ttelo1.gif (1393 bytes) LAPAROSCOPY  IN  UROLOGY

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Non-Laparo Procedures  


Surgical Steps



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- Specialists' Hosp






Prostate cancer is now curable by complete removal of the prostate gland surgically, either by open surgery or laparaocopy.  If however, the person is not medically fit to undergo a major surgery, radiation to the gland to burn it off is an alternative treatment.

Laparoscopic removal of the prostate gland has several advantages over open surgery. As the visibility of the prostate gland in the depth of the normal male pelvis is much better during laparoscopy, there is less blood loss and greater accuracy in repair of the bladder and urethra. Hence removal of the catheter in the water passage can be done much earlier and the incidence of incontinence of urine is lesser after laparoscopy. The post operative pain from laparoscopic keyholes will of course be far less than the open surgical wound.

Abdomen after Lap Radical Prostatectomy - pic 1

Prostate specimen after Lap. Radical Prostatectomy.- pic 2


After the doctor does the necessary investigations regarding the stage of the prostate cancer he will tell you the treatment most suitable for you.

1. You will be send to the physician for a complete medical check up. This will include blood tests, grouping, ECG and chest X ray.

2. Stop smoking, walk for 1 hour every day and have a healthy diet while you are awaiting surgery.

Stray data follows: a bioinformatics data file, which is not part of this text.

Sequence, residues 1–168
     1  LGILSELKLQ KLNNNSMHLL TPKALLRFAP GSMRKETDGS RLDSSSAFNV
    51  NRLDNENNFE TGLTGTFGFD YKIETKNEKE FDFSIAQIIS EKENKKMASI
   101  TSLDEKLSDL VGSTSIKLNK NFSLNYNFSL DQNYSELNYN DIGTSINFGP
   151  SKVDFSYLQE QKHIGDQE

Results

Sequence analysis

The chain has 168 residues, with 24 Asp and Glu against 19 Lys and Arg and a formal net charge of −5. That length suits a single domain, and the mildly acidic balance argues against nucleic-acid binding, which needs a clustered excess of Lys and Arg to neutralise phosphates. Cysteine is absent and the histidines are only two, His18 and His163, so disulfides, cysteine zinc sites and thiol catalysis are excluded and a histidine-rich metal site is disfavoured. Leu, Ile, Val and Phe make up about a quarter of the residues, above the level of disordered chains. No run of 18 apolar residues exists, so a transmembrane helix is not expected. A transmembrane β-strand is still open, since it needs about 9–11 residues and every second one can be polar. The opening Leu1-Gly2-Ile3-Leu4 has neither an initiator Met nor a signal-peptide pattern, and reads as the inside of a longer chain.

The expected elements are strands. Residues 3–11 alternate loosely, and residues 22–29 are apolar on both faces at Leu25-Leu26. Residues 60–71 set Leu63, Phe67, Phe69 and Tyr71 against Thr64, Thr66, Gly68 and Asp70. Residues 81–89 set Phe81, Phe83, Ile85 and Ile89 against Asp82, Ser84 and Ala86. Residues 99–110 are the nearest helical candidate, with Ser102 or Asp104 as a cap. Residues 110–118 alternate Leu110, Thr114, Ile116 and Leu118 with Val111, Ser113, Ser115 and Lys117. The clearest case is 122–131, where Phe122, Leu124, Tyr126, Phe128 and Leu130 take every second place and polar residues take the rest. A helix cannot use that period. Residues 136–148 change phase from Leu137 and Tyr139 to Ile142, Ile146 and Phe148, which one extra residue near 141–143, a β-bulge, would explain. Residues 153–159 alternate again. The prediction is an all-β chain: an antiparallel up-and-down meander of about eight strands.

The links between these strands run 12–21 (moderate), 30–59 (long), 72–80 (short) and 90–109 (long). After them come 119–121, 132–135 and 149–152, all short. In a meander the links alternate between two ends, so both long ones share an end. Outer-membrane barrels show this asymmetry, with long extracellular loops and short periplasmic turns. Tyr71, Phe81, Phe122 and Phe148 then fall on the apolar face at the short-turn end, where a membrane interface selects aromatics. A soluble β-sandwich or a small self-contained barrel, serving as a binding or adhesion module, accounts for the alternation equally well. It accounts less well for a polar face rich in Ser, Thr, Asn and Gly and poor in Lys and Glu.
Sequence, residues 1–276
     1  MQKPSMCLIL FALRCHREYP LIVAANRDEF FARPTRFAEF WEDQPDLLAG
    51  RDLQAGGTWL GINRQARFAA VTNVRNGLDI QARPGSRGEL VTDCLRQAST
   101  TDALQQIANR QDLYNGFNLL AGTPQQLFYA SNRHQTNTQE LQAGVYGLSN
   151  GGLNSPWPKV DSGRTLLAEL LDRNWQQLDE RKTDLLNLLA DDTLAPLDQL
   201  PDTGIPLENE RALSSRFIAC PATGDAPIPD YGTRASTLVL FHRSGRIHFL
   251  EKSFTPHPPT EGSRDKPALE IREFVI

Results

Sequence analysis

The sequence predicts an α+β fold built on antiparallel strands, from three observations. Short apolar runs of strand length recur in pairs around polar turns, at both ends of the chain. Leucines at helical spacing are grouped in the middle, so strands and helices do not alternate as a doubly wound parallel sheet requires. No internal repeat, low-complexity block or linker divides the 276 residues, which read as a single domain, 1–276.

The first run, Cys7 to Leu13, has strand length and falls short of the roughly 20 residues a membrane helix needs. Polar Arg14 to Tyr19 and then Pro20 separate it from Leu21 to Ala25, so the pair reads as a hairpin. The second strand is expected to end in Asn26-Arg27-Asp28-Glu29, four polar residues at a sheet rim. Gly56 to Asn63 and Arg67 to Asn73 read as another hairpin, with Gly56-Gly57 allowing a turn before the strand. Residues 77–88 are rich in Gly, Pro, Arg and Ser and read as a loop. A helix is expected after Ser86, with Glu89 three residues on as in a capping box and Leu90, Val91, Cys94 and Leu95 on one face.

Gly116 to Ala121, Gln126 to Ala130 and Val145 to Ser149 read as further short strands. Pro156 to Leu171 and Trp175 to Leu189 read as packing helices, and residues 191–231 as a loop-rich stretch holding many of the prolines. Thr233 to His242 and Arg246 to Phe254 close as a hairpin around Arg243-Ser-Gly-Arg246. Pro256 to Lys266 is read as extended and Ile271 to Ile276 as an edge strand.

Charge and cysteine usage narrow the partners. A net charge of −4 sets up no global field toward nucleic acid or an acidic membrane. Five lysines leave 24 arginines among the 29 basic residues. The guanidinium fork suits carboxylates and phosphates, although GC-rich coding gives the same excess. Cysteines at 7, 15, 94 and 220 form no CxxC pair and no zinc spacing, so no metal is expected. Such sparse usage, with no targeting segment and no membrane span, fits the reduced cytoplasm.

3. Surgery is done 6 weeks after biopsy or 12 weeks after any previous prostate surgery.

4. You will have to arrange 3 units of blood.

5. You will be admitted the day before surgery. A strong purgative will be used in the afternoon to clear your bowels. After this only light easily digestible food should be taken.


1. Surgery may last from 4 to 8 hours.

2. After surgery bystanders will be informed by phone and one person can visit you in the surgical ICU.

3. Normally you will be shifted back to your room  the next day afternoon.

4. You will be able to sit up with very little pain on the first post operative day itself.

5. There will be a urethral catheter in your water passage and a drain which is brought out through one of the keyhole used during surgery..

6. You will have to abstain from taking any food or drink for 1 or 2 days - this instruction will be given to you by the surgeon.

7. The drain is removed when all drainage stops - usually in the 5th day.

8. Usually you will be allowed to go home on the 6th or 7th post operative day. The urethral catheter is not removed. It will be connected to a bag.


1. You will be re admitted after 1 to 3 weeks for catheter removal.


When the prostate is removed or ablated by radiotherapy, part of the urethral sphincter ( the muscle that controls urinary continence) will be destroyed as this part is in the gland itself. The remaining sphincter therefore has to do the work of the part that was removed (or destroyed by radiotherapy). This may take time. Hence statistically about 50% of patients after surgery will be continent on removal of the catheter and 90% after 3 months. Continence improves upto 2 years.

If there is still incontinence - surgical correction is possible to a certain extent. In the meantime the alternatives are - adult diapers and penile clamps..


The nerves that control penile erection  are microscopic and intimately attached to the prostate gland. Great care is taken during surgery to prevent damage to them. However, impotence is a complication for this surgery (or radiotherapy)